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Radio System Contract Sets Evolutionary Path
The Air Force Joint Tactical Radio System Program Office recently awarded the
first Department of Defense contract for a JTRS handheld radio.
By Chuck Paone / Electronic Systems Center Public Affairs

HANSCOM AIR FORCE BASE, Mass., Sept. 25, 2006 – The Air Force Joint Tactical Radio System Program Office, part of the Electronic Systems Center’s Airborne Network Management Division, recently awarded the first Department of Defense contract for a JTRS radio.

The $7.6 million JTRS Handheld radio contract awarded through competitive bid to Thales Communications Corp. is considered an “interim solution,” said Capt. Michael Broadaway, Air Force JTRS program manager. The future iteration of this radio will comply with the full JTRS Operational Requirements Document.

This award, however, is putting “the first iteration” of a JTRS radio in the hands of U.S. warfighters now and is meeting their near-term needs, he said.

“This purchase is the first JTRS radio buy within the Department of Defense,” said Col. Anita Latin, commander of the 653d Electronic Systems Group, which oversees the Airborne Network Management Division.

“This is a historical moment for the Air Force, because it provides an immediate capability increase while moving us along an evolutionary path toward the ultimate JTRS solution,” she noted.

The JTRS radios envisioned by the Department of Defense, expected to begin coming on line in the 2011 or 12 timeframe, are based on software development that enables one radio to handle various waveforms, said Charlie Dancy of the MITRE Corp., the team’s engineering lead. This will allow an unprecedented cross-flow of information with a lot less hardware.

For the soldier – or tactical air control party member – on the ground, as well as for platform managers dealing with space constraints, there are obvious benefits to no longer needing multiple radios.

The greatest benefit, though, will be the increase in warfighting efficiency, where easier and better inter-service communication can make all the difference.

Current radio systems lack interoperability across the spectrum and have insufficient bandwidth to meet all current and anticipated future communications needs.

This initial procurement provides immediate relief to the warfighters in Afghanistan and Iraq who are currently borrowing radios from the Army to communicate with U.S. soldiers.

The ultimate JTRS solution is a family of all-service radios and a new wideband networked waveform that can provide mobile, networked connectivity.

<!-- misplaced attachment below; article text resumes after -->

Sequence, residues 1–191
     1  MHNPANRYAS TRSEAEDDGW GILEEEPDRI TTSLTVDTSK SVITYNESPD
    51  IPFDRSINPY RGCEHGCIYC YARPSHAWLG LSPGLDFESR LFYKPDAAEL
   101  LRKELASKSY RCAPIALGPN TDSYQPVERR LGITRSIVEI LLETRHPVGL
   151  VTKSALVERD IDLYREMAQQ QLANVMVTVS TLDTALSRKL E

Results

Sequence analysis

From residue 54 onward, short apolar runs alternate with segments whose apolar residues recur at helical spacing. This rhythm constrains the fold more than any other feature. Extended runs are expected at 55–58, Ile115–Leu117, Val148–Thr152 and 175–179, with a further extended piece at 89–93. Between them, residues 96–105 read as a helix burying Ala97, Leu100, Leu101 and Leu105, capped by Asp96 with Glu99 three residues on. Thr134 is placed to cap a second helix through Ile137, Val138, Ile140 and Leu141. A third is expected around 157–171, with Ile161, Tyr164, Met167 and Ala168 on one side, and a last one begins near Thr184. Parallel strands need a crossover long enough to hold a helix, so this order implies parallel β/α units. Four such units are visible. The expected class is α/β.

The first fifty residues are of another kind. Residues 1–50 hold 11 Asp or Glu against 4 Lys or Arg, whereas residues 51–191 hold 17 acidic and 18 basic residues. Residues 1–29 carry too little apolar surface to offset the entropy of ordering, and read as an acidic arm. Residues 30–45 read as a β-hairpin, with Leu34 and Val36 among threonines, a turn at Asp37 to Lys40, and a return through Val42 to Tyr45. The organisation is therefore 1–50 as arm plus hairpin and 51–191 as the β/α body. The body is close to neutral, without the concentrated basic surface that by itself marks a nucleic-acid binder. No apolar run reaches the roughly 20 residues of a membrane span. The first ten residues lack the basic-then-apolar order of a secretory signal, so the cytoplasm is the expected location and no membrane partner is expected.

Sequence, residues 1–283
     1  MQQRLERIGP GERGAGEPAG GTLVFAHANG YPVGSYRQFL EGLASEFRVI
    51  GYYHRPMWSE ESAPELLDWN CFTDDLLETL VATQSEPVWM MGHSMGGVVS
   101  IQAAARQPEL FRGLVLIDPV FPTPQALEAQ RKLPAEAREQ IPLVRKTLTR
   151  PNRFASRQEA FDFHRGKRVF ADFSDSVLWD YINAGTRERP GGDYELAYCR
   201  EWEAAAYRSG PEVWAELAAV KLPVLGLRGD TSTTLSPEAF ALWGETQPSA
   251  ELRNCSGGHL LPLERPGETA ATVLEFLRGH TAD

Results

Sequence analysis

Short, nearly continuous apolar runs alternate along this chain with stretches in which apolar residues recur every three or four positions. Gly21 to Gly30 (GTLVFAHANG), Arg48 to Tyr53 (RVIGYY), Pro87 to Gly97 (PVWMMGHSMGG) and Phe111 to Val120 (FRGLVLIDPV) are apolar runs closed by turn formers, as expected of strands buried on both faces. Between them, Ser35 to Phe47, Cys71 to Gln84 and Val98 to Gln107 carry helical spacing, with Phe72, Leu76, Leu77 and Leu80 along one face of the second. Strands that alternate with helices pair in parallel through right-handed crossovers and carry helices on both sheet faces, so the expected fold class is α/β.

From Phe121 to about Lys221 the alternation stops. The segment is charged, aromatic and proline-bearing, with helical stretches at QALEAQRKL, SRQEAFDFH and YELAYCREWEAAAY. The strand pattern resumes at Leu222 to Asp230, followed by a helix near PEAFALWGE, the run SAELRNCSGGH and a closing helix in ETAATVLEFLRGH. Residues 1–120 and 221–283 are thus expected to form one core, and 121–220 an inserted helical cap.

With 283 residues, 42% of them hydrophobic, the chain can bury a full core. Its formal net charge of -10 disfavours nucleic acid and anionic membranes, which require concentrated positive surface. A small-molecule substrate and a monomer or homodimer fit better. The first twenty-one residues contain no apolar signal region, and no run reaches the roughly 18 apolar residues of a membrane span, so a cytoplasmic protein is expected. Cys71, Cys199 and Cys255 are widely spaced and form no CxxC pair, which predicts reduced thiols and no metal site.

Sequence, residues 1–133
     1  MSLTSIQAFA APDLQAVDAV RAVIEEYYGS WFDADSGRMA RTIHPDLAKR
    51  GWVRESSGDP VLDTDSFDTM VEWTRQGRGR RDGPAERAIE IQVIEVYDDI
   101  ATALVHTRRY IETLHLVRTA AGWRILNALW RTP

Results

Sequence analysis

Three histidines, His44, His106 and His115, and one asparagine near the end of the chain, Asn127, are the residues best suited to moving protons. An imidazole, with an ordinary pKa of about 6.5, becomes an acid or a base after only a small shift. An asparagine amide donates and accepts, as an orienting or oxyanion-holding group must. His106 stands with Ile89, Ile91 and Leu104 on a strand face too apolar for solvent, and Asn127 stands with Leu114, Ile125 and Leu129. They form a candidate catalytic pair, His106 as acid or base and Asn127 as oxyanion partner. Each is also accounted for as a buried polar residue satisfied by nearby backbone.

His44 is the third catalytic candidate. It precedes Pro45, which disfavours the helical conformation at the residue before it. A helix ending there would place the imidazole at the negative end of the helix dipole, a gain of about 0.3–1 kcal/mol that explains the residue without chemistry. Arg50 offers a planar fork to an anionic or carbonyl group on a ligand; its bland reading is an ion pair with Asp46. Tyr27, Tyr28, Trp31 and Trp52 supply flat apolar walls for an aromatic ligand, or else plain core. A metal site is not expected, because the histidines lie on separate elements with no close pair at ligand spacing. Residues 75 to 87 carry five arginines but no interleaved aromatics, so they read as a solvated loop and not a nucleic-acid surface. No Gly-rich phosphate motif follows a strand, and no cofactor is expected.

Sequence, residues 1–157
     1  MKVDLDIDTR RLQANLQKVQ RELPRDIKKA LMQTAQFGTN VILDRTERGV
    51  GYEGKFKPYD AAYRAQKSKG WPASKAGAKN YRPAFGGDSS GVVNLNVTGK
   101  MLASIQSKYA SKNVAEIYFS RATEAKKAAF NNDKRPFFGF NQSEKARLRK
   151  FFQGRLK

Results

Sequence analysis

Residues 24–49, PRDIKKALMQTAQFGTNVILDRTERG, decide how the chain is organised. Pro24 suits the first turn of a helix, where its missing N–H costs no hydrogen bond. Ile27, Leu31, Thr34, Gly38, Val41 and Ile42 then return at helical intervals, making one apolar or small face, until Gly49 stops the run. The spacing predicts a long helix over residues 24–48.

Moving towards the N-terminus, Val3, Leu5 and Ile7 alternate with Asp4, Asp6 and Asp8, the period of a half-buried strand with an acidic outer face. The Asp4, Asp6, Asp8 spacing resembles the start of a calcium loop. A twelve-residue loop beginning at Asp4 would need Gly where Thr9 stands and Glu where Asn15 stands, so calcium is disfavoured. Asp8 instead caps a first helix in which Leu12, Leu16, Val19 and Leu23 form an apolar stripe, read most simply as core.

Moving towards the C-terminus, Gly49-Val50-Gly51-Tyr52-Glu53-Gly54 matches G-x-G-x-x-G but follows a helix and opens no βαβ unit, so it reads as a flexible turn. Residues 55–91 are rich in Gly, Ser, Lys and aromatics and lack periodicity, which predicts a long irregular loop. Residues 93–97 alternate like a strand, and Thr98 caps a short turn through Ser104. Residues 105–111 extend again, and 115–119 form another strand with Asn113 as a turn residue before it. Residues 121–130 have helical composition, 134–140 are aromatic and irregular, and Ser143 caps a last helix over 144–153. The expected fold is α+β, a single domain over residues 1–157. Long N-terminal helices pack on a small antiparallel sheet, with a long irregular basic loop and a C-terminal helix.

Another key, according to Dancy, is that the new, ‘software-defined’ radios will be “backward-compatible;” that is, compatible with the current waveforms in use today.

“This award is just the tip of the iceberg of a $2.9 billion Air Force JTRS procurement effort,” Broadaway said.

The radios will be used by Air Force Special Operations Command operators, Security Forces and Civil Engineers.

See caption.
U.S. Marine Sgt. Brandon Shofne radios back to his headquarters descriptions of the ordnance found during a weapon cache sweep in Kharma, Iraq, last December. Shofne, who is attached to the USMC's 2nd Combat Engineers Battalion, is using a legacy radio. The JTRS radios recently purchased by the Electronic Systems Center team will provide upgraded capability. Defense Dept. photo by U.S. Marine Lance Cpl. Matthew Hutchison

They will also be used within Air Operations Centers, Distributed Common Ground System facilities and other command and control centers. 

The Electronic Systems Center team worked with the Air Force Command, Control, Intelligence, Surveillance and Reconnaissance Center at Langley Air Force Base, Va., as well as the major handheld radio users expected to benefit from this purchase, to coordinate and help establish the requirements, said Steve Briggs, a senior program support specialist for Air Force JTRS.

The Air Force Command, Control, Intelligence, Surveillance and Reconnaissance Center is responsible for establishing Air Force command and control requirements, and by working jointly with that center, the Electronic Systems Center team was able to put together a request for proposals that clearly stated customer needs. 

Due to multiple bidders and the competitive bidding process, the team was able to save an estimated $2.7 million versus original projections. 

These savings allowed the team to call for bids to purchase an additional 400 radios, Cole said.  In all, the team will purchase 1,675 radios this year, and an additional 10,000 next year. 

“This is a great step forward,” Broadaway said.  “This streamlined, competitive procurement – wherein we awarded the contract within 30 days of receiving vendor quotes – puts capability in the users’ hands quickly and establishes a path for future JTRS radio purchases.”
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